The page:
I am baffled and confused by the ignorance of some (White) people when it comes to the acceptance of racism in America. What makes it worse, are the things that are said (or sung) which are blatantly racist and the one’s delivering the message, think there’s nothing wrong. Sound familiar?
For those of us that don’t look like the pale majority, this is and has been the reality we live with, every.. single.. day.. of our lives.
I do want to say for the White allies educating yourselves about systemic racism and actively working to create a shift in the imbalances, inequities, and injustices that have and continue to impact Black lives, thank you, and there is more to learn and do. To those White people who haven’t yet felt the urge to expand your social outlook when it comes to helping create a better way of life for everyone, what’s holding you back? Some might think or even say that they don’t know or have any Black friends. I get that. America (US) is a big country with lots of sparsely populated areas, but there may be historic reasons for that. I strongly believe that even though there might not be a direct physical connection, you can still elevate your perception about other races beyond the stereotypes. Meaning, just because you may not have personally bore witness to racism doesn’t discount its validity.
We Black people are frequently and have been the victims of the denial and complacency when it comes to race. A White person who is witness to social wrongdoing is equally responsible for injustice when they do nothing to break up racism. Or when White people believe their actions and or words are used in jest.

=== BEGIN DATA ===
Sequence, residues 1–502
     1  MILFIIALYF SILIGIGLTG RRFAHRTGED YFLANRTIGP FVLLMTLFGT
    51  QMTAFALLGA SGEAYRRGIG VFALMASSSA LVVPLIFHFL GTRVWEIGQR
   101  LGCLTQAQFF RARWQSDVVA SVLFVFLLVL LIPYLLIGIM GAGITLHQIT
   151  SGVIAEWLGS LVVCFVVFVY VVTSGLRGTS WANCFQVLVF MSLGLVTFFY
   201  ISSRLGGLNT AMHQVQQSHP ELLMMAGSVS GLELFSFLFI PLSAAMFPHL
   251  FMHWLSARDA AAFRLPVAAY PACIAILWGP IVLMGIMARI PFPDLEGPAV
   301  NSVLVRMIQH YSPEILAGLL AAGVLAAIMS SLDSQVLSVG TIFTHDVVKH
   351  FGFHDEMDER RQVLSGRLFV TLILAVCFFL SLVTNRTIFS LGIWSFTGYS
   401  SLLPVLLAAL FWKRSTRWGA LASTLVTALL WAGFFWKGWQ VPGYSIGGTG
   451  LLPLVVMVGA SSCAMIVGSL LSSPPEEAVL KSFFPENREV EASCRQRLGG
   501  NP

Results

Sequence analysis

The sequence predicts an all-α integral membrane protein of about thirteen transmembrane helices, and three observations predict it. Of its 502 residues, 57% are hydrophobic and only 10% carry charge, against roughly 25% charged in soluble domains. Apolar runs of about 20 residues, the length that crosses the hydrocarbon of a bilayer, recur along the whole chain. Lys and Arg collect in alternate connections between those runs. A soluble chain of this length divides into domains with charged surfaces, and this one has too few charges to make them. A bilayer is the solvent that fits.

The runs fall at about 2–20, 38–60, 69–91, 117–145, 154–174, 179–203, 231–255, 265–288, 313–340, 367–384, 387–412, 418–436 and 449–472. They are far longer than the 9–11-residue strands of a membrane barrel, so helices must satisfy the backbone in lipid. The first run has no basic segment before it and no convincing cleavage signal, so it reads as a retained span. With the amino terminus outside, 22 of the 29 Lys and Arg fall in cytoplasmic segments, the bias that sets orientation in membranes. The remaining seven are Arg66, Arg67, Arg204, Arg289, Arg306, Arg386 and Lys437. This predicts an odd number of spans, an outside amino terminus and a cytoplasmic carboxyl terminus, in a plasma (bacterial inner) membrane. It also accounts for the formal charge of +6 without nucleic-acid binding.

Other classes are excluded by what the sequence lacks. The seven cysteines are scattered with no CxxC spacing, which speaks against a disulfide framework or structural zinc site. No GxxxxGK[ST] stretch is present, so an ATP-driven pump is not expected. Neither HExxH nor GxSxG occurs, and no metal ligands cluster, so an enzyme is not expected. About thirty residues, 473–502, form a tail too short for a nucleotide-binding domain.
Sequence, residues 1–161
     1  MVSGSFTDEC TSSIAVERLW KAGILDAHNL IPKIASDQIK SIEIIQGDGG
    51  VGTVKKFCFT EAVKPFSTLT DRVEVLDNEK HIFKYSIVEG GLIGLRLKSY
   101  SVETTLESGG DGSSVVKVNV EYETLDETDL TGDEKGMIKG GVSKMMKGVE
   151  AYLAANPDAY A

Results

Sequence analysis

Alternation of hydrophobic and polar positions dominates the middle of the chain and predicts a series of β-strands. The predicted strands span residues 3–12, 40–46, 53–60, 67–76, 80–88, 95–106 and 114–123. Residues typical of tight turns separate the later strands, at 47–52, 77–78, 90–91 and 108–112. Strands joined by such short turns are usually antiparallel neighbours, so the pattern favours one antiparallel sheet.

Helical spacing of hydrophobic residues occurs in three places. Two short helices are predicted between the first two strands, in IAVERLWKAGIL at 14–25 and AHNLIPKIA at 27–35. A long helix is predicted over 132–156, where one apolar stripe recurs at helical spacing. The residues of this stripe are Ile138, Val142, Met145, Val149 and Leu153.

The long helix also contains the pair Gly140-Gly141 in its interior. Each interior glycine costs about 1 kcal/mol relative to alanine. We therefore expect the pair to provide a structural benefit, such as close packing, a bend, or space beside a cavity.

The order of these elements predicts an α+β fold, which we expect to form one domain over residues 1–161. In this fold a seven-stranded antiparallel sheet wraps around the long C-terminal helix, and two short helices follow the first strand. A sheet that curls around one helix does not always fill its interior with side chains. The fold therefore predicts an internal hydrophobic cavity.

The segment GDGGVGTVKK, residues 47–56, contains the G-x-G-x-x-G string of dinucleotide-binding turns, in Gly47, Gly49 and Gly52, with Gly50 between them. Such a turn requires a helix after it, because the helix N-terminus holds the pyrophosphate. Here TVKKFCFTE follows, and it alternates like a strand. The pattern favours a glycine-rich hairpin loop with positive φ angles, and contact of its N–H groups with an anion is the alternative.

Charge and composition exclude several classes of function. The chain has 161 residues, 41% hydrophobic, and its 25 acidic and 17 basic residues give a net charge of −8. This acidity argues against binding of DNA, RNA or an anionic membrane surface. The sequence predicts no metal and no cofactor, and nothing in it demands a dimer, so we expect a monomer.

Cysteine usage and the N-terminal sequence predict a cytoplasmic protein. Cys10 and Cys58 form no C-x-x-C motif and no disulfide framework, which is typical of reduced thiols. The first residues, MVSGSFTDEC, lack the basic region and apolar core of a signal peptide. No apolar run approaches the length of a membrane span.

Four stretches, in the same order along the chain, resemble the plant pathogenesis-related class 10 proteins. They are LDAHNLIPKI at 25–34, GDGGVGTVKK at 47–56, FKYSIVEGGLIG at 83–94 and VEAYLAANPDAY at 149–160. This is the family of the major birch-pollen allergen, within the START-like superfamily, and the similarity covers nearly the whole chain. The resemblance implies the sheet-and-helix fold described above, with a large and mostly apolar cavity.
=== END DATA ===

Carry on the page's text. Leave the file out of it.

When I was a young boy, I was a Cub Scout. I loved being a part of the pack and the many adventures, friendships, and life skills we developed. As I grew older, my passions for scouting increased with my placement in the Webelos and eventually the Boy Scouts. By this time in my family life, my mother and father, Judge Sr, divorced and my interest in Scouts waned as well. That was until we, with our now new Air Force stepfather, moved to Honolulu, Hawaii for his transfer to Hickam Airbase. Scouting in Hawaii was a blast. During one of our day excursions, we even came across a downed Japanese fighter plane from the Pearl Harbor attacks of 1941 while hiking in a canyon.
Following another divorce, my mother moved us to the Golden State of California. We ended up in the conservative North County area outside of San Diego. I was now a teenager and my thoughts were less about scouting and more about my hormones and trying to fit in. There weren’t a lot of Black kids in my school as we settled into Rancho Peñasquitos living, or as we used to call it back in the day, “skinny penis”. We couldn’t easily just blend in here. The Garden Apartments was where we would call home through my high school years. Here, there were immigrant families from the Philippines, Korea, and Guam. It felt safe knowing that we weren’t the only minority family living in our apartment complex. Strangely, it was almost like being on a military base, just minus the amenities of the PX (Post Exchange) and Commissary.